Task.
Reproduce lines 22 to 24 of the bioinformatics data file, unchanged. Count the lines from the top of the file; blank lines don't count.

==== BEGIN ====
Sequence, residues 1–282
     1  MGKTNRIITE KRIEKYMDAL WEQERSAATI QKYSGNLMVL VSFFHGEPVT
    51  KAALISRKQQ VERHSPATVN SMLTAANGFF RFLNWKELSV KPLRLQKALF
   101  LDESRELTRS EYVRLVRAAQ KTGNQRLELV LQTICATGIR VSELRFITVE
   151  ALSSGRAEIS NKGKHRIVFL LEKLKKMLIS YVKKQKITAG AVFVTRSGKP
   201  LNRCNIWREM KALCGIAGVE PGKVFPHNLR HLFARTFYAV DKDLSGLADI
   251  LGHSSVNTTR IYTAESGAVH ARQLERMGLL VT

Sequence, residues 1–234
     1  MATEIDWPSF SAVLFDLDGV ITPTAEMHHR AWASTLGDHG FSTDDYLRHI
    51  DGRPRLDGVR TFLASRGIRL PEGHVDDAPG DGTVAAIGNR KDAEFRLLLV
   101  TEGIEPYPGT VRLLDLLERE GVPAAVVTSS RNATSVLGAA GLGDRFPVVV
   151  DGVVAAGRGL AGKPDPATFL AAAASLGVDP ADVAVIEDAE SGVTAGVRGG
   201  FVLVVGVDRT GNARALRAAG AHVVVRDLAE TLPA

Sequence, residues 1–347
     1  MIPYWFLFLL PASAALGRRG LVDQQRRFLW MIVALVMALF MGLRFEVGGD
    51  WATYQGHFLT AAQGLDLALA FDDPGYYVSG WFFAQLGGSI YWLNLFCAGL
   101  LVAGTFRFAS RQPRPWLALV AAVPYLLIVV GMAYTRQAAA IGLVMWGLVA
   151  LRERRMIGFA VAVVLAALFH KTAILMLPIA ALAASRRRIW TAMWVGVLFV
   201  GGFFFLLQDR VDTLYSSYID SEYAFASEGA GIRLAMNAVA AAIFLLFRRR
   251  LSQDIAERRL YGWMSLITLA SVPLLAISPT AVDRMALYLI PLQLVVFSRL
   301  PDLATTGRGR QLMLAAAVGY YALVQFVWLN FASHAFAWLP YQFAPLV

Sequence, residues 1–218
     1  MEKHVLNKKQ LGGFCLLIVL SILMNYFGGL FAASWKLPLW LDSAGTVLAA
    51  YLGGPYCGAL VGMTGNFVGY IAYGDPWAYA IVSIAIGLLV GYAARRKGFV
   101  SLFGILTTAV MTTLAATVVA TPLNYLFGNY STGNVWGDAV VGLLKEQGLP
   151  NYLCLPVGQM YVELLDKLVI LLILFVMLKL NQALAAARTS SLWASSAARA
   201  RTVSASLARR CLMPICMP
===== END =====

Sequence, residues 1–218
     1  MEKHVLNKKQ LGGFCLLIVL SILMNYFGGL FAASWKLPLW LDSAGTVLAA
    51  YLGGPYCGAL VGMTGNFVGY IAYGDPWAYA IVSIAIGLLV GYAARRKGFV